The story behind the theatrical release of Leaves of Grass, a woolly dark comedy starring Edward Norton as a pair of polar-opposite twins, is its own comedy of errors. The film was set for a sort of last-resort for-posterity release on April 2, only to be acquired at the 11th hour by a new distributor, Telepathic Studios, that pledged to give the star vehicle a much wider opening. This change was so last-minute that Norton had to cancel already-scheduled late-night-TV appearances, and New York magazine and The Village Voice had already gone to press with reviews before the sudden yanking of the film. When Leaves of Grass finally did open last month in limited release, it might have occasioned an acute case of buyer's remorse at Telepathic: The film's domestic gross stands well below the $100,000 mark.
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This is not to suggest that Leaves of Grass arrives this week on home video with full diamond-in-the-rough status. It's too heavy on the quirk and too crammed with frantic incident to cohere as a satisfying whole. But this is another appealingly ambitious, unpretentiously intellectualized mash-up from writer-director Tim Blake Nelson, whose O (2001) set Othello against a backdrop of modern-day high-school basketball and whose harrowing Grey Zone (2001) considered the moral dilemmas of Auschwitz's Sonderkommandos, Jewish prisoners charged with keeping the camp's crematoria in working order. Much less dour in mood than these other films, Leaves of Grass—which gets its title from both weed and Walt Whitman, whose barbaric yawping informs the film's shaggy free-verse structure—bears the roll-with-the-punches geniality of some of Nelson's most memorable work as a character actor (he played the outlaw rube Delmar in the Coen brothers' O Brother, Where Art Thou?).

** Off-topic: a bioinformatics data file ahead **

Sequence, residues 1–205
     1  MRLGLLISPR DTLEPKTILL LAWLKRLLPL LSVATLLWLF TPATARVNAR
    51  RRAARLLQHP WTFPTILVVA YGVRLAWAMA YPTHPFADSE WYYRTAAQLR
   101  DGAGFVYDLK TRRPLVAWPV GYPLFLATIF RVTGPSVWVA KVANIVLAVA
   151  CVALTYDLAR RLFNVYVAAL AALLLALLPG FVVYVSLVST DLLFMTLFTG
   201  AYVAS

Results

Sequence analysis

Nelson, who also performs in Leaves of Grass in a sidekick role, begins his new film with rather by-the-numbers madcap comic scenes of mistaken identity and fish-out-of-water incongruities before spiraling outward into altogether less-predictable territory. Ivy League classical philosophy professor Bill Kincaid (Norton), a golden boy to his peers and a heartthrob to his students, is summoned home to small-town Oklahoma when he learns his estranged pot-dealing twin, Brady (Norton), was murdered with a crossbow ("They're inexplicably popular where I'm from," he tells a nosy department administrator). Before long, Bill realizes Brady is alive and well, and just trying to finagle a few days of brotherly togetherness—and enlist his help in a massive drug deal. The differences between Bill and Brady are perhaps best summed up by their sartorial choices: The latter wears a sweater vest; the former lets his long hair fall to the shoulders of a T-shirt with blue iron-on lettering that reads "Baby you're in for a treat." Bill lives for parsing Socrates and Lacan, Brady for perfecting the science of hydroponics, but the big recurring joke here is that the unreconstructed hick has a higher IQ than his ivory-tower-dwelling brother.